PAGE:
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Cyclone USA, Inc. v. LL&C Dealer Services

May 24, 2010


The opinion of the court was delivered by: Andrew J. Wistrich United States Magistrate Judge


This case was tried to the Court sitting without a jury. After the Court issued its ruling on liability, the parties briefed the issues relating to their respective requests for prejudgment interest. Subsequently, the parties filed a stipulation regarding the dates of accrual and rates of prejudgment interest pertaining to various claims. Eventually, Cyclone USA and LL&C entered into a settlement agreement resolving all claims between them. Cyclone USA was directed to state its position with respect to the effect of the settlement on any pending motions. As to this motion, Cyclone USA reported as follows:

The only remaining interest issues to be decided by the Court - other than the stipulated amount of interest on Sei Kim's contract claim -pertains to the non-Poron profits. Those interest calculations are set forth in Exhibit A to Daryl Martin's Supplemental Declaration filed on April 30, 2008. [Plaintiff's Statement Regarding Pending Motions, at 3].

"[P]rejudgment interest is a substantive aspect of a plaintiff's claim, rather than a merely procedural mechanism." In re Exxon Valdez, 484 F.3d 1098, 1101 (9th Cir. 2007). Therefore, state law governs the applicability of prejudgment interest on all state claims and federal law governs the applicability of prejudgment interest on all federal claims. In re Exxon Valdez, 484 F.3d at 1101 ("[S]tate law applies to [a] claim for prejudgment interest under state law unless federal law preempts it.").

The Court adopts the parties' stipulation with respect to the award of prejudgment interest on the following claim:

The amount of prejudgment interest accrued on Sei Kim's breach of contract claim is $163,710 through May 20, 2008, and prejudgment interest accrues from that date at the rate of $69.04 per day. [Stipulation Regarding Prejudgment Interest, at 2].

In awarding Cyclone USA damages for LL&C's and Sei Kim's violations of the Lanham Act, the Court left open the issue of Cyclone USA's entitlement to prejudgment interest. [See Memorandum of Decision, at 23, 25, 53-54].

Where a federal right has been violated, courts have held that "prejudgment interest should be presumptively available . . . ." Gorenstein Enters., Inc. v. Quality Care-USA, Inc., 874 F.2d 431, 436 (7th Cir. 1989). While the Lanham Act does not mandate an award of prejudgment interest, "federal common law authorizes the award of such interest in appropriate cases to victims of violations of federal law." Gorenstein Enters., Inc., 874 F.2d at 436. Some courts have adopted "a preference, if not a presumption, for prejudgment interest" in the context of federal claims. United Phosphorus, Ltd. v. Midland Fumigant, Inc., 205 F.3d 1219, 1236 (10th Cir. 2000) (reversing the district court's denial of prejudgment interest on claims arising from violations of the Lanham Act). Others take a more balanced view. Am. Honda Motor Co. v. Two Wheel Corp., 918 F.2d 1060, 1064 (2d Cir. 1990) ("Although Section 1117(a) does not provide for prejudgment interest, such an award is within the discretion of the trial court and is normally reserved for 'exceptional cases.'"). In the Ninth Circuit, "an award of prejudgment interest in a case under federal law is a matter left to the sound discretion of the trial court." Twin City Sportservice, Inc. v. Charles O. Finley & Co., Inc., 676 F.2d 1291, 1310 (9th Cir. 1982), cert. denied, 459 U.S. 1009 (1982).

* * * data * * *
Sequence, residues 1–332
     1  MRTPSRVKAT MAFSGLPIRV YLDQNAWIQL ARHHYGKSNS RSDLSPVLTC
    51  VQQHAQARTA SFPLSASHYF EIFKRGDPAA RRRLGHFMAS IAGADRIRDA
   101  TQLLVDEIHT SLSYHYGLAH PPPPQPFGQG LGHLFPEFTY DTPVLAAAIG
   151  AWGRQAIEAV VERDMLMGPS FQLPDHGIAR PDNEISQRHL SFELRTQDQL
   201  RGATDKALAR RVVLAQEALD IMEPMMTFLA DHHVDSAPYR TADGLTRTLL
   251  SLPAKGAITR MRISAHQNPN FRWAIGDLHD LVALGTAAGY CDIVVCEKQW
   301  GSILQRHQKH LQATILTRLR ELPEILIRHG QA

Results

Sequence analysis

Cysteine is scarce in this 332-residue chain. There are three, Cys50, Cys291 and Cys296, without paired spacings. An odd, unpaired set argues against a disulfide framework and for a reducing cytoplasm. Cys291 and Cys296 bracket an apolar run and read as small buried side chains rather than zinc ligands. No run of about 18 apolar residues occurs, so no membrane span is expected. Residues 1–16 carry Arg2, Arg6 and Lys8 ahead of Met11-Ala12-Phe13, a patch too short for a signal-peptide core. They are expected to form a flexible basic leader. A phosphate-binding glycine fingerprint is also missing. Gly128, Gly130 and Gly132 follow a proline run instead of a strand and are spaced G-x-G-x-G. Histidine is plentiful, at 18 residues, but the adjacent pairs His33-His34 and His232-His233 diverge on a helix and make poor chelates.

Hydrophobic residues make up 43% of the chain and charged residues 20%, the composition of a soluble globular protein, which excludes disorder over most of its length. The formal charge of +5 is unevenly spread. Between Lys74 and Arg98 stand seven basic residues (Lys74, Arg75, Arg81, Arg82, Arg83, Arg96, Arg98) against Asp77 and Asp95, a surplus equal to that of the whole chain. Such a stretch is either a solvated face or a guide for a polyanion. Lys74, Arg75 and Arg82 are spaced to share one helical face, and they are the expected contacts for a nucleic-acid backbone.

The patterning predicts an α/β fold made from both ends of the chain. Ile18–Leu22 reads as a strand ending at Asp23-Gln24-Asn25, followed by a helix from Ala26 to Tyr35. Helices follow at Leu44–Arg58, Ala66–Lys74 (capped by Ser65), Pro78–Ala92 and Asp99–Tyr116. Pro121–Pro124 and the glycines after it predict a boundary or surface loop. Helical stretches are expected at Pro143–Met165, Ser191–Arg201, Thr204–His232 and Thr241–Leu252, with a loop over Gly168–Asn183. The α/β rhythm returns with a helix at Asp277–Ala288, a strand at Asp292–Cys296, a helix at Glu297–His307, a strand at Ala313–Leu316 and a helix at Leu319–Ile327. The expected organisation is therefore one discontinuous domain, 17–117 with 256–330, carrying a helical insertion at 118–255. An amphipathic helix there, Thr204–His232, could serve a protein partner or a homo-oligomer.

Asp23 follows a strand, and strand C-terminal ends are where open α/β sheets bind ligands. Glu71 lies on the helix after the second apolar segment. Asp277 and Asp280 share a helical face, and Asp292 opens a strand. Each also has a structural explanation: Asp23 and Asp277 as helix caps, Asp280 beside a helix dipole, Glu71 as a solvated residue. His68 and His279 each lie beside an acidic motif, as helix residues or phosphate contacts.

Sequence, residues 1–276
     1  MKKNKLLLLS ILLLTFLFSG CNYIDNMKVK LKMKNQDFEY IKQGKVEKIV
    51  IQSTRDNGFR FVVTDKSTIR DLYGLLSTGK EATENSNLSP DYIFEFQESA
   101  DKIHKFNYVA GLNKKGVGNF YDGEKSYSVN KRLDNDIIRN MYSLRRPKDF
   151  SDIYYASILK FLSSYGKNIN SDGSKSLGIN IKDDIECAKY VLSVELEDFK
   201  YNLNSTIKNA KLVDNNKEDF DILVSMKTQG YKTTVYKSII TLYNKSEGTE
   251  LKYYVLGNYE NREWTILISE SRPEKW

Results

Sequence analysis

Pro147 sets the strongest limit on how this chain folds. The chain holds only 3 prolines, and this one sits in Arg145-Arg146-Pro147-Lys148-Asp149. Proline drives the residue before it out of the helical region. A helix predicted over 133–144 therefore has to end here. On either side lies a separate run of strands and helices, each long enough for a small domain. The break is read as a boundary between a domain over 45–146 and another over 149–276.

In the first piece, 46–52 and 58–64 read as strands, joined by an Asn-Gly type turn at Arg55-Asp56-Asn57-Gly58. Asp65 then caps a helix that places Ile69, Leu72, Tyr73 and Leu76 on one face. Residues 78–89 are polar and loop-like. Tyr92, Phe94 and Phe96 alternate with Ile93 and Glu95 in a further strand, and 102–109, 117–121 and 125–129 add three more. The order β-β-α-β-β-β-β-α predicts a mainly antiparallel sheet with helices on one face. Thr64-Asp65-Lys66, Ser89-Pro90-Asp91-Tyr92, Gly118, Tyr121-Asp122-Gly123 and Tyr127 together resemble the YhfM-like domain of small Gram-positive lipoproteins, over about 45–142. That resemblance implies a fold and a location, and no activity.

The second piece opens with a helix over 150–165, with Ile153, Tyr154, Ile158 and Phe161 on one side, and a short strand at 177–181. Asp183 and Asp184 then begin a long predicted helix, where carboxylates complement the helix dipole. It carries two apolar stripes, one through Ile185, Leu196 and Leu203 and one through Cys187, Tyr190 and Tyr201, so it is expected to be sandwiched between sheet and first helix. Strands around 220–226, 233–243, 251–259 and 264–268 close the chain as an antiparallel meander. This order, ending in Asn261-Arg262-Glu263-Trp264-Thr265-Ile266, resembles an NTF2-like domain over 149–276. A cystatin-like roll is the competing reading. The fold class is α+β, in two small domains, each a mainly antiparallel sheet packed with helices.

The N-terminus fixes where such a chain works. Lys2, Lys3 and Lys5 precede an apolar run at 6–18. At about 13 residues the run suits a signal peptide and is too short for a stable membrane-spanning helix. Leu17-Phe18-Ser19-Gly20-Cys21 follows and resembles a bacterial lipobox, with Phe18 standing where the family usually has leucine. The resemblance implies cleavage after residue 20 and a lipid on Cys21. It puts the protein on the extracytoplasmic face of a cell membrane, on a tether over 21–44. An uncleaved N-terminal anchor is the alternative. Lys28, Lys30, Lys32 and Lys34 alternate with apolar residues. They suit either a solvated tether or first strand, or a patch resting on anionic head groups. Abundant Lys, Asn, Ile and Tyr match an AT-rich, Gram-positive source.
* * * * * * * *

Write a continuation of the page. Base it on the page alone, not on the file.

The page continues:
As previously explained, the trademark infringement, trademark counterfeiting, and other Lanham Act violations committed by LL&C and Sei Kim damaged Cyclone USA and were far from innocent or inadvertent. [See Memorandum of Decision, at 6-10, 13-14, 21-22, 28-29, 50-52]. An award of prejudgment interest is necessary to provide Cyclone USA with an adequate monetary remedy. Therefore, Cyclone USA is entitled to prejudgment interest with respect to its claims under the Lanham Act.

In awarding prejudgment interest, "[a] trial court is afforded wide latitude in the selection of interest rates." Uniroyal, Inc. v. Rudkin-Wiley Corp., 939 F.2d 1540, 1545 (Fed. Cir. 1991). The Ninth Circuit, however, strongly favors the Treasury bill rate:

[T]he measure of interest rates prescribed for post-judgment interest in 28 U.S.C. § 1961(a) is also appropriate for fixing the rate for pre-judgment interest in cases . . . where prejudgment interest may be awarded, unless the trial judge finds, on substantial evidence, that the equities of the particular case require a different rate.

Western Pac. Fisheries, Inc. v. SS President Grant, 730 F.2d 1280, 1289 (9th Cir. 1984). See also Blanton v. Anzalone, 813 F.2d 1574, 1576 (9th Cir. 1987) ("[S]ubstantial evidence must support the district court's decision to depart from the Treasury bill rate.").

Because neither party has suggested the use of a rate other than the one year constant maturity Treasury yield, the Court adopts that rate. The prejudgment interest awarded to Cyclone USA is fixed at a rate equal to the post-judgment interest rate provided by 28 U.S.C. ยง 1961(a). That rate shall be applied in the manner ...

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